AMSTERDAM — Matt Castelli, D-Glens Falls, shared three things he would do if elected to the U.S. House of Representatives this November at a town hall Thursday night at the Horace J. Inman Center in Amsterdam.
The candidate in the Democratic primary for New York’s 21st Congressional District told those in attendance that, if he’s elected, he intends to vote against Nancy Pelosi for House Speaker, vote in favor of a federal law reinstating the rights women lost when Roe v. Wade was overturned, and vote in favor of congressional term limits, which he thinks should be capped at eight years total.
“There’s some synergy there, if we had that in place right now, Congresswoman Stefanik would not be up for reelection,” Castelli quipped when answering questions about his term-limit position.
The winner of the Aug. 23 Democratic primary between Castelli and lawyer Matthew Putorti, D-Whitehall, will face incumbent U.S. Rep. Elise Stefanik, R-Saratoga, currently serving her eighth year in the House for the 21st District. Stefanik also serves as the Republican Conference Chair, the third-ranking GOP leader in the House.
Castelli, a former CIA officer who served as director for counterterrorism at the National Security Council, has actually already obtained a spot on the November ballot, whether he wins the upcoming primary or not, through his independent party line called the “Moderate Party.”
“Between the Democratic Party line and the Moderate Party line, we collected 11,000 signatures from voters all across this district, the same number of signatures Congresswoman Stefanik collected for the Republican Party and the Conservative Party lines — we’re going toe-to-toe with her,” Castelli said. “The Moderate Party is really a great opportunity for us to really build this country-before-party coalition that we’re seeking. This campaign isn’t just about Democrats and Republicans, in this district 30% of registered voters are unaffiliated or independents.”
Castelli offered no critique of his primary opponent Putorti during the event, which about 40 people attending.
He offered most of his contrasts with Stefanik. He said he intends to change any voter perceptions regarding Democrats as being weaker than Republicans by pointing to his record of service fighting extremism both in the form of international terrorism and the growing extremism he says he sees here in the U.S.
Castelli said a perfect contrast between himself and Stefanik can be found in her decision to vote against the U.S. CHIPS and Science Act, which passed with bipartisan majorities in both houses of Congress, even though Stefanik had previously co-sponsored a bill with some similar features. The bill channels billions in federal spending and tax breaks toward helping semiconductor chip plants to open and operate in the U.S.
“This [U.S. CHIPS and Science Act] is a tremendous investment that not only helps create good jobs here in upstate New York,” he said. “We have seen over decades American competitiveness erode over time with those jobs going overseas to China and other areas of Asia. What we’ve seen right now, as a byproduct of the pandemic, is one of the reasons why inflation is so high for certain goods is that we don’t have the chips to put in them. So, this is also an opportunity for us to reduce costs, so it’s a direct opportunity to make America competitive with China, create good paying jobs here and reduce inflation. What’s not to like about that?”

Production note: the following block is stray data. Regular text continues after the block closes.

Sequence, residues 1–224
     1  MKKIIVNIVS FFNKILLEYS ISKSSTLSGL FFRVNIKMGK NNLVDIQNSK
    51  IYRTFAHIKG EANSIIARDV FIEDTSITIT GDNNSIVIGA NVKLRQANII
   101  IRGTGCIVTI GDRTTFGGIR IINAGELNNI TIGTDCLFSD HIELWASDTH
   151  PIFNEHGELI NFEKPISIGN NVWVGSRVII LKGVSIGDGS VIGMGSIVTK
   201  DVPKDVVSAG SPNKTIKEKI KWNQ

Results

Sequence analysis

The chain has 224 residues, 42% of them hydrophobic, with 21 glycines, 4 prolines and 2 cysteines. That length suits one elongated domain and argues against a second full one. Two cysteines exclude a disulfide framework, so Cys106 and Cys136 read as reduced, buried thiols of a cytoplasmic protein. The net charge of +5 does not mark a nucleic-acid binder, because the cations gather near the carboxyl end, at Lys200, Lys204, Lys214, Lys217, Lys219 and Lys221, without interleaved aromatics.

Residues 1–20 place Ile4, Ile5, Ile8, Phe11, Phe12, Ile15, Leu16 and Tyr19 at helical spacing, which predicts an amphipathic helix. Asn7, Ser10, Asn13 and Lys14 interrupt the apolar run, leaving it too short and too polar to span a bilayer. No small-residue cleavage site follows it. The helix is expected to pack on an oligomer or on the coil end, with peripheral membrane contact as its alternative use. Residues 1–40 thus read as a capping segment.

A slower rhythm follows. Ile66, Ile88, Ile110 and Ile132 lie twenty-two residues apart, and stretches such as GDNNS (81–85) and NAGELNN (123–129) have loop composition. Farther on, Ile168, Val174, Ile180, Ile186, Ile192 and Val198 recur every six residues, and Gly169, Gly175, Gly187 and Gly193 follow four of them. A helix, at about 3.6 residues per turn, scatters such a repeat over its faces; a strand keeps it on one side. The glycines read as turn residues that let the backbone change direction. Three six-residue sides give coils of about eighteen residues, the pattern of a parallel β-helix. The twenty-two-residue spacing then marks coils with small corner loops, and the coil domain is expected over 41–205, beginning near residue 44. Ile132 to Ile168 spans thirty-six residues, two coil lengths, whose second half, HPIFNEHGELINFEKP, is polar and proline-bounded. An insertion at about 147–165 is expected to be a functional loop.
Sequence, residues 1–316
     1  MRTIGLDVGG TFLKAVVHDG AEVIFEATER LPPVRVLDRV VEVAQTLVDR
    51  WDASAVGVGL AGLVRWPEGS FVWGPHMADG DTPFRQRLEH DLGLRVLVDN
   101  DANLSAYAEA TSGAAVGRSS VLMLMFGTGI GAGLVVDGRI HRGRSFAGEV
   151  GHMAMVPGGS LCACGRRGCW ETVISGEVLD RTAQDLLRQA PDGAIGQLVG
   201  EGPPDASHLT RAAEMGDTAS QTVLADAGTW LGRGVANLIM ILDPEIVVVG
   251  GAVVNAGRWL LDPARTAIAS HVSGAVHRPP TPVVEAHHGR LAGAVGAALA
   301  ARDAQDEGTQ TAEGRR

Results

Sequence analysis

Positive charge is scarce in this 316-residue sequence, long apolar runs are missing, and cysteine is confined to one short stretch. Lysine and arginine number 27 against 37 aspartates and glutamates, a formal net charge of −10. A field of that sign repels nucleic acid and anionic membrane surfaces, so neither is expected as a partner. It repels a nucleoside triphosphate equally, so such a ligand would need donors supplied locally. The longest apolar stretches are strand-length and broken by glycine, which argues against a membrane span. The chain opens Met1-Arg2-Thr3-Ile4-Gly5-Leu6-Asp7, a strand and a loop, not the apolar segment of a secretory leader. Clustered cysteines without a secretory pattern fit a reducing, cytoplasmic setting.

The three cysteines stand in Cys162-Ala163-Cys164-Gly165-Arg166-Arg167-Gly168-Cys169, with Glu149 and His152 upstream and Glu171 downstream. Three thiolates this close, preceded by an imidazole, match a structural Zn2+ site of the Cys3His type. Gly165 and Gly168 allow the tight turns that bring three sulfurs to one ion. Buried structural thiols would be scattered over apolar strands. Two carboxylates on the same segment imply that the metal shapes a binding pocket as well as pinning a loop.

Although there is language in the U.S. CHIPS and Science Act prohibiting companies that receive funding from the bill from providing the Chinese or Russian governments with advanced microchips, Stefanik criticized the bill as weakening “guardrails” in her original version of the bill against taxpayer dollars flowing to China. She criticized the spending of $287 billion in the bill as inflationary.
One area Stefanik and Castelli may agree is some of former president Trump’s trade tariffs, which, so far, have been left in place by President Biden’s administration. Stefanik often split on the issue of tariffs with Trump calling them taxes on the American people and bad for New York state’s farmers.
Castelli said the U.S. should be seeking to lower trade tariffs with respect to agricultural products produced by U.S. farmers, but should evaluate on a case-by-case basis the elimination of Trump tariffs on manufactured goods coming out of China.
During the question and answer period of the town hall, Montgomery County District 9 Legislator Robert Purtell, a Democrat, spoke and praised Castelli, a former registered Independent, for emphasizing his commitment to being a moderate as well as Democrat.
“It’s really refreshing to see someone running for elected office not be up there screaming at us, trying to influence us with theatrics,” Purtell said. “I like the fact that you’re a moderate, and you have an open mind and you’re not just focusing on party.”
Amsterdam resident Christopher Carpenter, the vice chair of the city’s Democratic Committee, said he believes Castelli is similar to Democratic Assemblyman Angelo Santabarbara, a former Republican, who has been willing to challenge his party’s leadership in the past.
Castelli said he has obtained the endorsement of former U.S. Rep. Bill Owens, the last Democrat to represent a previous version of what has become the sprawling 15-county 21st Congressional District. He said he’s also received the endorsement of the New York State United Teachers.
Castelli said, if he wins the Democratic Party primary, he intends to challenge Stefanik to as many debates as possible. He said she has agreed to debates with her opponents in the past, so he expects she will agree to debate him, and he looks forward to debating with her.
Early voting for the Democratic primary begins on Saturday and runs through Aug. 21.